Sister Richards is also a grandmother and unfortunately suffers from a weak bladder that has her up and down to The Community Centre toilets. Also a widow, Sister Richards has a great sense of humor and is very close to Sister Johnson. Sister Richards has one son whom she dotes on and her world revolves around him – her son keeps all her finances straight and keeps all her financial information. Sister Richards has 2 grandchildren and she very often picks them up from school and gives them their evening meal to assist her son and his wife. Sister Richards has now discovered Tena Lady pads so these save her a few trips to the loo. Sister Richards loves Denzel Washington and fantasizes as to how their love life would be. Sister Richards is a regular church goer. Sister Richards also came to the UK as a young girl and often dreams she is playing ‘in the yard, back home’. She can stand up for herself and gives back to the 2 male pensioners whatever they give out. Sister Richards is still attractive and is receiving attention from her young neighbor who has called her a ‘Cougar’ & a ‘Milf’. She is secretly really pleased that ‘the barn door is still open’.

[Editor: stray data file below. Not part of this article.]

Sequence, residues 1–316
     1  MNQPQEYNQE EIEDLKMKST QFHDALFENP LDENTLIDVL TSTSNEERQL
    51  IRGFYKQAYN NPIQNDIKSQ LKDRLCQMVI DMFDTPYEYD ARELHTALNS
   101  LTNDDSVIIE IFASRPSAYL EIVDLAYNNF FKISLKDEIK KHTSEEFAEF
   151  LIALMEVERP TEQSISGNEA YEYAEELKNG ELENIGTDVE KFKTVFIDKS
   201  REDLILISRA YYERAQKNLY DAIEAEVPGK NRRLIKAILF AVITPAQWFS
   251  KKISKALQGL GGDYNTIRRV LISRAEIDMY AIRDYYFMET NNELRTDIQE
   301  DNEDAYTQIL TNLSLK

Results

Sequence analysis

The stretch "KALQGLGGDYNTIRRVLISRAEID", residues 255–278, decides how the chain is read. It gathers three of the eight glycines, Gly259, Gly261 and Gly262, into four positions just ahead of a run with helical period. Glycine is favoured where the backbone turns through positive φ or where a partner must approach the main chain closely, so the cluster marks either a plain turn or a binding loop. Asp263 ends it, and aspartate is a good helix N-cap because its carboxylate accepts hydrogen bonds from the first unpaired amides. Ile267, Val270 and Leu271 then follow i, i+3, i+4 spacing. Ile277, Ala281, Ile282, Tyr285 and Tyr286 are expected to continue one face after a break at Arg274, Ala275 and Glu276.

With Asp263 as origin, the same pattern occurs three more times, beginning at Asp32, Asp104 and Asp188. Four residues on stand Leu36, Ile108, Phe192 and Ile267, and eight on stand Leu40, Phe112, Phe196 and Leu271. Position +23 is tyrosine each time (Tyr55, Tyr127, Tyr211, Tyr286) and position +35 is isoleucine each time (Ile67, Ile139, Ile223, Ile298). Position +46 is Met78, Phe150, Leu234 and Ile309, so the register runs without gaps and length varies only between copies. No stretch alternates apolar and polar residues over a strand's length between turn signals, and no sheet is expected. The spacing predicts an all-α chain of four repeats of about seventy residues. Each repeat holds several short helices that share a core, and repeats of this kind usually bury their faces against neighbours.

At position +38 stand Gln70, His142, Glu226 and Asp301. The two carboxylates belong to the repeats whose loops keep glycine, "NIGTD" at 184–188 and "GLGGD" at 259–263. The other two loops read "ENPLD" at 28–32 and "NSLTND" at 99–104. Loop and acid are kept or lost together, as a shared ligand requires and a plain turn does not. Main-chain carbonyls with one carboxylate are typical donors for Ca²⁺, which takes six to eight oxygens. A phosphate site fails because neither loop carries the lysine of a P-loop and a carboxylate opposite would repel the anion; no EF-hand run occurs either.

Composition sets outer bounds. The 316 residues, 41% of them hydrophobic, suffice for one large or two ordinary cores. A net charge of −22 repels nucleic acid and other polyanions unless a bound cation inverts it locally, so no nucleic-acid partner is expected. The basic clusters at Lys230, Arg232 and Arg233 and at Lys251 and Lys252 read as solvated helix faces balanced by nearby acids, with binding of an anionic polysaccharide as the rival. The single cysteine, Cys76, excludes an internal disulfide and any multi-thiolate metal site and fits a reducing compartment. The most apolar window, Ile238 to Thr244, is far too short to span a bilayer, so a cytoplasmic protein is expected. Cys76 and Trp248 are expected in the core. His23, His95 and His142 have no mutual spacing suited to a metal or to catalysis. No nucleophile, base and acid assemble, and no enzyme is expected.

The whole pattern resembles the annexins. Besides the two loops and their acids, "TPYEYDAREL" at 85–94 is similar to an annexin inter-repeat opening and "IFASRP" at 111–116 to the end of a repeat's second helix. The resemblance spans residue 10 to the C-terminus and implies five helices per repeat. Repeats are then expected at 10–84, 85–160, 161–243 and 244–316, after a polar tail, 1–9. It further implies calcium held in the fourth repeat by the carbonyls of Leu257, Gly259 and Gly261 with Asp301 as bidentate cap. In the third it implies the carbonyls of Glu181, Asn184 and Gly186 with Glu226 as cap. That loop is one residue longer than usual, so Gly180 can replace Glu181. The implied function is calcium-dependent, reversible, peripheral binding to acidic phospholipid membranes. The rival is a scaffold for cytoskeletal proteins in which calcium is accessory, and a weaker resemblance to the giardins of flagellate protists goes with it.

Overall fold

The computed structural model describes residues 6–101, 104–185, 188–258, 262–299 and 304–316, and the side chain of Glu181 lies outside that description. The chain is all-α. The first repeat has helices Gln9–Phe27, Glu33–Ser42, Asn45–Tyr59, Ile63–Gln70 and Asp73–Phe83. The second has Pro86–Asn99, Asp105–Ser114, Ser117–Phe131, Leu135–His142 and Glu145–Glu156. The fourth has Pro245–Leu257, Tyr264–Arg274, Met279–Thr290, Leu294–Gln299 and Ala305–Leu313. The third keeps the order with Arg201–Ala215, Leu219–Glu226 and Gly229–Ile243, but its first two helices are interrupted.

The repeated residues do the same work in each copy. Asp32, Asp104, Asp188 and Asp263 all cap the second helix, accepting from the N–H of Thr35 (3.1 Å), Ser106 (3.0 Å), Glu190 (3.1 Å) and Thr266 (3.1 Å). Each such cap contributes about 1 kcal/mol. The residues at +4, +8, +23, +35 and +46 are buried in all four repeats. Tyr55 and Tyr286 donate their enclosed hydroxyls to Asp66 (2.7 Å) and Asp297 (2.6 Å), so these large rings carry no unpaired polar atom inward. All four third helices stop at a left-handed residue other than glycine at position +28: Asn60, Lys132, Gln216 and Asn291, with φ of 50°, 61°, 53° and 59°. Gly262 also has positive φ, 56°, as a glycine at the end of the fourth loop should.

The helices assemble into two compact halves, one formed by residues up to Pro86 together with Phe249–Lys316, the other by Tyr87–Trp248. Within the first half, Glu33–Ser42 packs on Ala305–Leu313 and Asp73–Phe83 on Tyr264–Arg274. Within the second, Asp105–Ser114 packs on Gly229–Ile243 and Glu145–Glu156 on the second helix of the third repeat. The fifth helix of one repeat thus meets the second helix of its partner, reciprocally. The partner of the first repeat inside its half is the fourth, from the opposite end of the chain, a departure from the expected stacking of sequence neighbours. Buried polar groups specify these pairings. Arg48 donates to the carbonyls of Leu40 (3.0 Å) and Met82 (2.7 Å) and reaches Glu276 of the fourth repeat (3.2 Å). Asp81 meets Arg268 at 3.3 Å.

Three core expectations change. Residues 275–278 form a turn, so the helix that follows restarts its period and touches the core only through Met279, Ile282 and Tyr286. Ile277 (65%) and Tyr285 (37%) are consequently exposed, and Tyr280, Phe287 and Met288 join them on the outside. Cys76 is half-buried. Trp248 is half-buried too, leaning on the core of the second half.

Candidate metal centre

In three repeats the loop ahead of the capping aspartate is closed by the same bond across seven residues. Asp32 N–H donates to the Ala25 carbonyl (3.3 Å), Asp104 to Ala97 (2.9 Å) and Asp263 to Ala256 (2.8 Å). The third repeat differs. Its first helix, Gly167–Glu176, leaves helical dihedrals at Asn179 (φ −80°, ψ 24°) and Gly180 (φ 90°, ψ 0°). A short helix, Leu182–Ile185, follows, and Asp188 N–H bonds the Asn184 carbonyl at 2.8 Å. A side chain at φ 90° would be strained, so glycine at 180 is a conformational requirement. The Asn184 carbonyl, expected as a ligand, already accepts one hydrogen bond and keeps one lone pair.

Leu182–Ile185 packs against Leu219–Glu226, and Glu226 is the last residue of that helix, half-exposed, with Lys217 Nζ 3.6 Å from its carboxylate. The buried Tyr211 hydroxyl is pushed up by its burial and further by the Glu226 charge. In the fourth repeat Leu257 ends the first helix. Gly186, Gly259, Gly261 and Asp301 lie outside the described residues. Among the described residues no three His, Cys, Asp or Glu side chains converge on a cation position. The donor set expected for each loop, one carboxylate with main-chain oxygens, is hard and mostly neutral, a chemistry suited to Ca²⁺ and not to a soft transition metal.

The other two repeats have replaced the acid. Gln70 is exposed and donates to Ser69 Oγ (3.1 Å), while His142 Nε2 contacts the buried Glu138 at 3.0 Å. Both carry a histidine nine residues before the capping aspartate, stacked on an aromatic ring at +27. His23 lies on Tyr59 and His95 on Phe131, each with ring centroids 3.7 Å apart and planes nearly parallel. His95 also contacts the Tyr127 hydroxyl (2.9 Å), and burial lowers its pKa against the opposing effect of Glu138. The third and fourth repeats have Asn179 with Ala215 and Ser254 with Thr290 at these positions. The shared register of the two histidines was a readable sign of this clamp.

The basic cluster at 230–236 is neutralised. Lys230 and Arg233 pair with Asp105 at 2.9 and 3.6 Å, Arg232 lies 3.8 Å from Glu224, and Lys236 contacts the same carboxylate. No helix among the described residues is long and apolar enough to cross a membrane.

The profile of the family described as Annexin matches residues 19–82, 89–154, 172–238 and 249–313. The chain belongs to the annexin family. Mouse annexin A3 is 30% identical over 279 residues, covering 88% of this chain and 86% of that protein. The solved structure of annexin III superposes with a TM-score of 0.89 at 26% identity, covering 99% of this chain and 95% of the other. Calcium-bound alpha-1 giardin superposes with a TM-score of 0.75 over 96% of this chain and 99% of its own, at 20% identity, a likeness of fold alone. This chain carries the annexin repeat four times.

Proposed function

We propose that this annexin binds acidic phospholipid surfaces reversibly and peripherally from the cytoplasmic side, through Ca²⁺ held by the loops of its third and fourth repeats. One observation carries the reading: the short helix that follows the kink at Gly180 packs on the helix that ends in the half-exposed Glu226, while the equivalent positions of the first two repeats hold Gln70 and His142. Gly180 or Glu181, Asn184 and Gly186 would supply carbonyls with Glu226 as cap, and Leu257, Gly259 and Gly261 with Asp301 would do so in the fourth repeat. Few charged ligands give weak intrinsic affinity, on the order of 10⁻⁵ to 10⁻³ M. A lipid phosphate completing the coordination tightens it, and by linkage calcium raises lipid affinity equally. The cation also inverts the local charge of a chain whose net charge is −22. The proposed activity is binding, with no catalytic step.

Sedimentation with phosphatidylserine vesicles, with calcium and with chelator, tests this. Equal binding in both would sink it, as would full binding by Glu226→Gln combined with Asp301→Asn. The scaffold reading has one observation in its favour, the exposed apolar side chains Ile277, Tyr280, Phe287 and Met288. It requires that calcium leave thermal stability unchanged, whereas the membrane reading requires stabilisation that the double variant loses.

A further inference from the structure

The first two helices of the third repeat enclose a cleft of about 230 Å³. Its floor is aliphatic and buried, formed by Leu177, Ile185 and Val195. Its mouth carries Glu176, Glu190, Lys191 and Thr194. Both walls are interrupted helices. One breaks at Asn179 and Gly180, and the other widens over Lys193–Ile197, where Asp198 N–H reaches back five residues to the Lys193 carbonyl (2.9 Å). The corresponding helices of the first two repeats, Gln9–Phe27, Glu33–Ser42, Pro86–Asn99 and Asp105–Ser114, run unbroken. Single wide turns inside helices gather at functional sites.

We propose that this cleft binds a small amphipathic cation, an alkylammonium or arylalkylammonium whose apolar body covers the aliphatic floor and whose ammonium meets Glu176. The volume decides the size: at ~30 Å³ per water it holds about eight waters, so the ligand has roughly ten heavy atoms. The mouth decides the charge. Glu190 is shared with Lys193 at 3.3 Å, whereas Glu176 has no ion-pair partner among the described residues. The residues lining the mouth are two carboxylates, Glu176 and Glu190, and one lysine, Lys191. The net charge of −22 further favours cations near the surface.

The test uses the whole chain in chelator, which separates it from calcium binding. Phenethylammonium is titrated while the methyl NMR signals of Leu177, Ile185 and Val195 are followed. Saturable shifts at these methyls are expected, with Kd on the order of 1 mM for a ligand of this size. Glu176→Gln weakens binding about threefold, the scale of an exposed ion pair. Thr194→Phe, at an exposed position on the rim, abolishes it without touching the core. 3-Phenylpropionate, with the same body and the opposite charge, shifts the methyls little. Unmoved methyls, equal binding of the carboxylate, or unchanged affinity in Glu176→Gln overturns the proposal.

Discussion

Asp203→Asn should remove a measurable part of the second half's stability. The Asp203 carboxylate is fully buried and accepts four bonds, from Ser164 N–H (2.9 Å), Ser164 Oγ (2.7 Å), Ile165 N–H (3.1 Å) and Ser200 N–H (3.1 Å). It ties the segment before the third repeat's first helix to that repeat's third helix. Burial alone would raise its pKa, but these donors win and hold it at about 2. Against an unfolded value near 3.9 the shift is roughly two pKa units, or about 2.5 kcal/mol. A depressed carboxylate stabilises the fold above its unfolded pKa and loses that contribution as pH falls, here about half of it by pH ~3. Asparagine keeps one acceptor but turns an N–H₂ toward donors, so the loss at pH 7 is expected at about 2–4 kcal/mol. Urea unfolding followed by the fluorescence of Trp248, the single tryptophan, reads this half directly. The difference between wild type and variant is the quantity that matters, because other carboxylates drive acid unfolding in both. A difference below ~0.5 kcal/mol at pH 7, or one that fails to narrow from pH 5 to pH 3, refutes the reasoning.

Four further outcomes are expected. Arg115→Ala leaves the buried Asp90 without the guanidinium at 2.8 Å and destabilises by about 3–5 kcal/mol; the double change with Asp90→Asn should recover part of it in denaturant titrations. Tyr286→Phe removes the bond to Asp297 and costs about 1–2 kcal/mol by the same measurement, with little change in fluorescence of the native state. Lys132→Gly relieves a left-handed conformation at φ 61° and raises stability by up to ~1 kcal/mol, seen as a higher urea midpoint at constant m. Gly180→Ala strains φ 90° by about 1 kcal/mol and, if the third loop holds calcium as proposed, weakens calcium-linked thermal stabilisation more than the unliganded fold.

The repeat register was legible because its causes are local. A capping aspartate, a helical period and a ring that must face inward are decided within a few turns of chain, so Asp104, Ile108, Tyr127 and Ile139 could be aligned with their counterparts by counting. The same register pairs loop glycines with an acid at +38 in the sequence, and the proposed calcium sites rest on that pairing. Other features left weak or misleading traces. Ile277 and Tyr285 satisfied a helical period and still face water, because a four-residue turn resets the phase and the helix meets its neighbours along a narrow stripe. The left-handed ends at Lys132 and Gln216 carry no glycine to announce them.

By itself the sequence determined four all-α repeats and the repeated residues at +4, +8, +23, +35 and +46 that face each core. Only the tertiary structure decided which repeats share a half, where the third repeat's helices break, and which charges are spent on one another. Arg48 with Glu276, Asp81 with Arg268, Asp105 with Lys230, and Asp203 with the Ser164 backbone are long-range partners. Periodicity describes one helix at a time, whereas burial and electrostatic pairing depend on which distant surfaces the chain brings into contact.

Patience Mensah-Aboagye – African Manager/Receptionist 
Age 50’s